The Artin conjecture states that for any Galois extension $E/K$ of global fields, and for any non-trivial simple character $\chi$ of $\textrm{Gal}(E/K)$. The Artin $L$-series $L(E/K,\chi,s)$ admits an analytic continuation holomorphic on $\mathbb{C}$.

A trivial consequence of inductive invariance is that: $$ \zeta_E(s) = \zeta_K(s) \prod_{\chi \neq \chi_0}L(E/K,\chi,s) $$ The product being taken over all non-trivial simple characters of $\textrm{Gal}(E/K)$.

A corollary of this is that for a Galois extension $E/K$, the ratio of the corresponding $\zeta$-functions, $\frac{\zeta_E(s)}{\zeta_K(s)}$ is holomorphic on $\mathbb{C}$. This has in fact been proved by other means - without assuming the Artin conjecture - and is known as the Aramata-Brauer theorem.

On p. 83 of $\textit{An Introduction to the Langlands Programme}$ Ehud de Shalit says that:

The corresponding theorem for non-Galois $K/k$ is open, although it would follow from the [Artin] conjecture.

That is to say, he claims that the holomorphicity of the ratio of zeta functions follows from the Artin conjecture.

I have been trying to prove this, but have had some difficulties circumventing the fact that we cannot make sense of the $L$-series related to non-Galois extensions $E/K$. One could take the normal closure (say $E \subset N$), but then one would be dealing with $N/K$, which would show that the ratio of the $\zeta$-functions corresponding to this extension is entire, but how could we relate this to $E/K$?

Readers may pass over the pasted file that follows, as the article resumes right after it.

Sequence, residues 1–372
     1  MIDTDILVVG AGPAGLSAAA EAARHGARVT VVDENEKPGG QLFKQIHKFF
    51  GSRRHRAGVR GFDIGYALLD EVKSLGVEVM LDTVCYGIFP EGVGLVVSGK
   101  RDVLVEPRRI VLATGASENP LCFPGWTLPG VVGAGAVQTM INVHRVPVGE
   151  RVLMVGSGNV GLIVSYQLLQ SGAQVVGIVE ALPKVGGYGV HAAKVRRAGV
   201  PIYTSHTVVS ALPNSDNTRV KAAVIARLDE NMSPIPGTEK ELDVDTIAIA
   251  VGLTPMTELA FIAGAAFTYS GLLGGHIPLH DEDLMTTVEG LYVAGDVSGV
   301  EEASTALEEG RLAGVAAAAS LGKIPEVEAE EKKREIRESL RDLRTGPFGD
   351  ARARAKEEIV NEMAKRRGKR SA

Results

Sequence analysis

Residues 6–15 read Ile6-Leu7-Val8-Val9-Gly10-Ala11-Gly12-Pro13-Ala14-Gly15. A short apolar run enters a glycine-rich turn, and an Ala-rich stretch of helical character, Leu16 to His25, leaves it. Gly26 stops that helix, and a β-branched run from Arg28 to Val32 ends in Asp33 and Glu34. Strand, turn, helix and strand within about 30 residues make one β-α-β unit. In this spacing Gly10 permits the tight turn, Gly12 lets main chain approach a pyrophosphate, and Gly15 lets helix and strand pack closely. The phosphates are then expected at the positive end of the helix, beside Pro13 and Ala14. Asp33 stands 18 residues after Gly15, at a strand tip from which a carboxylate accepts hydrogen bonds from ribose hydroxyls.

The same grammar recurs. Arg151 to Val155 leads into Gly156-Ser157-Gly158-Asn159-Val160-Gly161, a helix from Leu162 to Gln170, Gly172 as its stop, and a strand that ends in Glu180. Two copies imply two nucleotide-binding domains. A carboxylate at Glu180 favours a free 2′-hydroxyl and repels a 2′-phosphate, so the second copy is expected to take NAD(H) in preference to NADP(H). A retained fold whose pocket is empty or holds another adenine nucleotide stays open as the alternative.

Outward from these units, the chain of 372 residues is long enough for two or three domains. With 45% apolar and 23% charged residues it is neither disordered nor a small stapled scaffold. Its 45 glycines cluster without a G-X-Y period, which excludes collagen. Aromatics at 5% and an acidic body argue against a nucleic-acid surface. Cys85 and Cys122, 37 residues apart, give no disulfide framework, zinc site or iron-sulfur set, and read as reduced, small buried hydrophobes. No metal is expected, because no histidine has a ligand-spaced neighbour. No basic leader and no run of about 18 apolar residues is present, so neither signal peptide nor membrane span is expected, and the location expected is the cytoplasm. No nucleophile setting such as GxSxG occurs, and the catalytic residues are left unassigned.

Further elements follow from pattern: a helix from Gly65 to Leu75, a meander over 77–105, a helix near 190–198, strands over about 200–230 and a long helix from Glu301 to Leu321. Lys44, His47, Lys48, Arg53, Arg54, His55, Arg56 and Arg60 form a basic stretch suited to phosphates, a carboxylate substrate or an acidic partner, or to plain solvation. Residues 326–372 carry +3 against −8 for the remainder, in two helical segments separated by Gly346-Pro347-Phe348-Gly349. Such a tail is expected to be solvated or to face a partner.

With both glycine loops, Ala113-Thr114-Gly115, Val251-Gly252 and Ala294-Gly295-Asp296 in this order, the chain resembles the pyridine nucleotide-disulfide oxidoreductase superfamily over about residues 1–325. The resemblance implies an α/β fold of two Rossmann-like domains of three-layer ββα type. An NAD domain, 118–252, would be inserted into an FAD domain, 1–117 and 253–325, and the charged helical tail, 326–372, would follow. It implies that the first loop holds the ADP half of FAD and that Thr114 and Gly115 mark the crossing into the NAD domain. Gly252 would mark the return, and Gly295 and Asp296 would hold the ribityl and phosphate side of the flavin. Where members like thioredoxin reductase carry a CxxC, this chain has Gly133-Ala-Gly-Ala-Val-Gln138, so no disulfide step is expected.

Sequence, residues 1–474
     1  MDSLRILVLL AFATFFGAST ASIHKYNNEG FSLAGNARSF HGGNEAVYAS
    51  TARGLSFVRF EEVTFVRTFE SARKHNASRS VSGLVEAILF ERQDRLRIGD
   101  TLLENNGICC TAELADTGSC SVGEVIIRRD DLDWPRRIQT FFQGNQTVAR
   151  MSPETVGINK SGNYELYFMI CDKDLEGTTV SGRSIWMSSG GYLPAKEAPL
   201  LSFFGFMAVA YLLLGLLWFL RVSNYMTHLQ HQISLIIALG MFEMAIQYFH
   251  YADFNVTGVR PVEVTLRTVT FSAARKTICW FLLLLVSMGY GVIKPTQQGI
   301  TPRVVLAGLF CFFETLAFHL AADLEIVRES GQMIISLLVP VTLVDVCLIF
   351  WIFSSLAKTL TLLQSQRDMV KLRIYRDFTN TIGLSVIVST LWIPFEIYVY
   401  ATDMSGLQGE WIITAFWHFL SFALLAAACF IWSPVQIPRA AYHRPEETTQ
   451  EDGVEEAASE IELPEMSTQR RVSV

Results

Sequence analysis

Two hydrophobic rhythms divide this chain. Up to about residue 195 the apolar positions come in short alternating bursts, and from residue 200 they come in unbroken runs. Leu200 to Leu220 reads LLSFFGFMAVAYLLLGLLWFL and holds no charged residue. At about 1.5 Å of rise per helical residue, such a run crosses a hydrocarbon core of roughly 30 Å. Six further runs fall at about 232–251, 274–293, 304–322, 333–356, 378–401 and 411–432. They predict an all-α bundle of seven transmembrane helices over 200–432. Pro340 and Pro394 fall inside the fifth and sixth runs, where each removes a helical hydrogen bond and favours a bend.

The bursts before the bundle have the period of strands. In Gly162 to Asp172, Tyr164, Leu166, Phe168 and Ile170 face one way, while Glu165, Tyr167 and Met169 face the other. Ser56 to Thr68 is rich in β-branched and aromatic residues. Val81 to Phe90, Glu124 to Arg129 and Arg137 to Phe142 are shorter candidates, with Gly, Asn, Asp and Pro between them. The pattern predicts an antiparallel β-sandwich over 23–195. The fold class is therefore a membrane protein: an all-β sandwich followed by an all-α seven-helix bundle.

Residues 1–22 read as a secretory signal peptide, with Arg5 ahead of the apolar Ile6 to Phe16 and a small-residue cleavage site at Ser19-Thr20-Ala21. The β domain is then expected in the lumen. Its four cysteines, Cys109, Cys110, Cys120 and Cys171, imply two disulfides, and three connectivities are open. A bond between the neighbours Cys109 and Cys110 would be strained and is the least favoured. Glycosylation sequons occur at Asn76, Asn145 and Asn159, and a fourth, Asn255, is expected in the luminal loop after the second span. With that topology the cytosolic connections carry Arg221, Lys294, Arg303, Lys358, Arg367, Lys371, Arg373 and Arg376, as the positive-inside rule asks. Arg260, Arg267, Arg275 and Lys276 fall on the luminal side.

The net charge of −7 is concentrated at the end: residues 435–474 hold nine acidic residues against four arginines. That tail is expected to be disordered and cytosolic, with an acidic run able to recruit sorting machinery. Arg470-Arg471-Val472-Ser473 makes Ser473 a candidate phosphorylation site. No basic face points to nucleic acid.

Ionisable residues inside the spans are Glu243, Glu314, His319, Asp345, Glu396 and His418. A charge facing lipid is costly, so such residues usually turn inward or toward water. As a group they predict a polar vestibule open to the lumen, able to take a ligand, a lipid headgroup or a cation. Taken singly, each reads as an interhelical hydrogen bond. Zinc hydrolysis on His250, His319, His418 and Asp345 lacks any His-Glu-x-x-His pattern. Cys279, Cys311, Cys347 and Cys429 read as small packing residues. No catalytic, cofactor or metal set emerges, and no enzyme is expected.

So why does the Artin conjecture imply the holomorphicity of the ratio of the zeta function?

Thank you for your attention.


1 Answer 1


If $L/K$ is a finite extension let $N/K$ be the Galois closure or any Galois extension containing $L$, $G=Gal(N/K),H=Gal(N/L),d=|G|/|H|=[N:L]$ then $$\zeta_L(s)=L(N/K,Reg_{G/H},s),\qquad \zeta_K(s)=L(N/K,1,s)$$

where $Reg_{ G/H}$ is the representation sending $g\in G$ to the matrix $\in GL_d(\Bbb{Z})$ of the permutation $xH\mapsto gxH$ of $G/H$,

and $1$ is the trivial representation $G\to \Bbb{C}^*$.

Claim : from the splitting of prime ideals in towers of extensions this is easy to prove for the unramified primes and it is much more delicate for the ramified primes (it suffices to look at the complication in the definition of the Artin L-series in the case of ramified primes).

Thus $$\frac{\zeta_L(s)}{\zeta_K(s)}=L(N/K,\rho,s)$$ where $\rho$ is the representation such that $Reg_{G/H}\cong 1 \oplus \rho$, the Artin conjecture implies that the RHS is entire.

The Dedekind conjecture is that the LHS is entire.

The inflation property follows exactly from the same discussion.

  • $\begingroup$ Wonderful. And $\rho$ does not contain the trivial rep as $\textrm{Reg}_{G/H}$ contains only one copy of it. The only trouble I am having is understanding why $\zeta_L(s) = L(N/K, \textrm{Reg}_{G/H},s)$, but I am sure I will see it eventually. $\endgroup$ Jan 3, 2020 at 20:51

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